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nationalization

Ecosocialism or Bust

By Thea Riofrancos, Robert Shaw, Will Speck - Jacobin, April 20, 2018

At this past February’s “Alternative Models of Ownership Conference” hosted by the Labour Party in London, party leader Jeremy Corbyn asserted the centrality of energy policy to his vision of socialism: “The challenge of climate change requires us to radically shift the way we organize our economy.” He outlined a radical vision of an energy system powered by wind and solar, organized as a decentralized grid, democratically controlled by the communities that rely on it, and — crucially — publicly owned.

Corbyn’s declaration laid out an exciting and ambitious vision of how socialists can press on climate change. But it also served as a reminder that socialists need to get serious about the politics of energy — lest disaster capitalism continue to shape energy policy. We must get involved in concrete campaigns to transform how energy is governed and push for a just transition to renewable sources. The terrain of energy politics is multifaceted, comprising the production, transformation, distribution, and consumption of energy. Energy sources such as coal, oil, natural gas, biomass, hydropower, sunlight, and wind each entail distinct social and environmental costs related to their extraction or capture, and their subsequent transformation into usable electricity. Electrical grids connect energy production and transformation to its sites of consumption. Grids encompass both the high-voltage transmission of electricity from where it’s generated to population centers, and the direct distribution of that electricity to homes and businesses. In the US, beginning in the early 1990s, energy deregulation encouraged a separation in ownership between energy generation and its distribution, resulting in an increasingly complex set of state-level markets of competing energy providers, which in turn sell energy to the private, public, or cooperatively owned utilities.

Rail union RMT responds to Jo Johnson speech

By Mick Cash - RMT, February 12, 2018

General Secretary Mick Cash said:

"If you were serious about cracking on with the phasing out of diesel trains you wouldn't be scrapping key ele‎ctrification projects which will mean the commissioning of more diesel operated fleet. That scrapping of long-planned electrification rail works by Chris Grayling makes a mockery of Jo Johnson's "aspiration" to scrap diesel units by 2040.

"There is also the question of who pays for this. There must be no free ride for Britain's rip-off private rail companies at the tax payers expense.

"The bottom line is that if we hadn't had over two decades of privatisation and profiteering on Britain's railways we wouldn't have ended up jammed in the slow lane. The money siphoned off by the spivs and speculators would have enabled us to keep pace and build a railway fit for purpose.

"Instead of promises of jam tomorrow we need to tackle the crisis on Britain's railways today and that means a planned service, publicly owned and free from the exploitation that has left the British passenger paying the highest fares in Europe to travel on clapped out, rammed out and unreliable trains where private profit comes before public safety."

The Case for Nationalizing Elon Musk

By Kate Aronoff - In These Times, February 8, 2018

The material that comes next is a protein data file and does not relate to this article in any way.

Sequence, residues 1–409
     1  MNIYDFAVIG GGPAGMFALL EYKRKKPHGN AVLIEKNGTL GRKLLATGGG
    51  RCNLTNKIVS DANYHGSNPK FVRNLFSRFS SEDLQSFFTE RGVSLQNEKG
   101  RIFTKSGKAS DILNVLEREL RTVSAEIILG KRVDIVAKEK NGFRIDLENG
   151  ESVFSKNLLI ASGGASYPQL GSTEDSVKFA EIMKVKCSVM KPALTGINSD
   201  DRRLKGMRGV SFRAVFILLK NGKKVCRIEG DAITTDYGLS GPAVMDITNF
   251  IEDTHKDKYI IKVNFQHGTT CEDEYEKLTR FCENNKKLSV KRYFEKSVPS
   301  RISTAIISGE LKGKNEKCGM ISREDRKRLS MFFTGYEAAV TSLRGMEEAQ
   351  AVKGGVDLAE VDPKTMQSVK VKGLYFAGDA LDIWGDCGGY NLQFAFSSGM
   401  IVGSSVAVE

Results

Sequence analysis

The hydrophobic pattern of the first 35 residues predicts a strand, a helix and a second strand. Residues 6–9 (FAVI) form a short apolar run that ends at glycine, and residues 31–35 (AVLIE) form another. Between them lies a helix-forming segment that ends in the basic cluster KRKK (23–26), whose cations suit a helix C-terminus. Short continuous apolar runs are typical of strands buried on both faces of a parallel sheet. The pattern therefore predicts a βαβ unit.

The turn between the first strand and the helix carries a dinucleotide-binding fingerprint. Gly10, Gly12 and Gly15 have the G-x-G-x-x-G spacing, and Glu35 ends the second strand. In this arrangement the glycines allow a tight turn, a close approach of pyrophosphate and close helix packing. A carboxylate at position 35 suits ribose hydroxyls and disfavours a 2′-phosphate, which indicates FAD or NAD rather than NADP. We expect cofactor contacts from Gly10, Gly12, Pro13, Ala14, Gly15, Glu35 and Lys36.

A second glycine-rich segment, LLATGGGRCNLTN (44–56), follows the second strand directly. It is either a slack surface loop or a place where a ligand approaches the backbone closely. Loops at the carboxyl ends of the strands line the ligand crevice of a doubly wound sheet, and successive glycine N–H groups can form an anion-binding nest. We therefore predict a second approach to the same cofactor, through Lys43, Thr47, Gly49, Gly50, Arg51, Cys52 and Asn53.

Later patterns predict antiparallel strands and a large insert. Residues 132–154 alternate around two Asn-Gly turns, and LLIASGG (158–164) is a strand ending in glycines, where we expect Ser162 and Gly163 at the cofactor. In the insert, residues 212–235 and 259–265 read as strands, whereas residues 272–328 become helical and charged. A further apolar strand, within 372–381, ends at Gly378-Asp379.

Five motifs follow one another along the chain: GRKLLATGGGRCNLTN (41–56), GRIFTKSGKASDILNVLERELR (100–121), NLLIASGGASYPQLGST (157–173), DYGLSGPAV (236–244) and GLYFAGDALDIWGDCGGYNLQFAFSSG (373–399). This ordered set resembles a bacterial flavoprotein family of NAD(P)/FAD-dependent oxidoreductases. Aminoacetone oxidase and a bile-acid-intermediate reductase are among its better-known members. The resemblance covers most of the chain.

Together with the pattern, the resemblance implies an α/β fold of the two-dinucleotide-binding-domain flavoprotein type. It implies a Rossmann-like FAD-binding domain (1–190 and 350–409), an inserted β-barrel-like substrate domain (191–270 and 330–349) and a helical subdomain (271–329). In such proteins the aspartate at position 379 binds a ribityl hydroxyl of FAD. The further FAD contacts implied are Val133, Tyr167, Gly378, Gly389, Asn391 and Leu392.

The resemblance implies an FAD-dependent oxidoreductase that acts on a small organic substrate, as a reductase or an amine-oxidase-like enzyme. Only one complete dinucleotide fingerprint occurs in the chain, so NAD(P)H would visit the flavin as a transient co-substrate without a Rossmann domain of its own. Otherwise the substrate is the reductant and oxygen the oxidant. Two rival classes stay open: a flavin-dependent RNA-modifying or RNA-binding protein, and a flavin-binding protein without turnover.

On Tuesday, Elon Musk launched some stuff into space. The SpaceX Falcon Heavy rocket was shot into the Solar System, tailed by a Tesla Roadster blasting David Bowie songs, reportedly the fastest car ever to be released into orbit. Each Falcon launch is only expected to cost around $90 million—a bargain in the world of extraterrestrial exploration. 

Scientific American gawked, “Elon Musk Does It Again,” praising the “bold technological innovations and newfound operational efficiencies that allow SpaceX to not only build its rockets for less money, but also reuse them.” That view—shared by several other outlets—fits comfortably with the Tony Stark-like image Musk has crafted for himself over the years: a quirky and slightly off-kilter playboy genius inventor capable of conquering everything from outer space to the climate crisis with the sheer force of his imagination.

One of Musk’s long-term goals is to create a self-sustaining colony on Mars, and make humanity an interplanetary species. He hopes to shoot two very wealthy people around the moon at some point this year. Musk has invested an awful lot of public money into making those dreams a reality. But why should Americans keep footing the bill for projects where only Musk and his wealthy friends can reap the rewards? Enter: the case for nationalizing Elon Musk, and making the U.S. government a major stakeholder in his companies.

The common logic now holds that the private sector—and prodigies like Musk, in particular—are better at coming up with world-changing ideas than the public sector, which is allegedly bloated and allergic to new, outside-the-box thinking. Corporations’ hunt for profits and lack of bureaucratic constraints, it’s said, compel cutting-edge research and development in a way that the government is simply incapable of. With any hope, more of these billionaires’ breakthroughs than not will be in the public interest.

The reality, as economist Mariana Mazzucato argues in her 2013 book The Entrepreneurial State: Debunking Public vs. Private Sector Myths, is very different. Many of the companies that are today considered to be headed by brilliant savants—people like Steve Jobs and, yes, Elon Musk—owe much of their success to decades of public sector innovation, through repackaging technologies developed over the course of several decades into new products. Take the iPhone, essentially a collection of Defense Department research and National Science Foundation-grant projects packed into one shiny machine.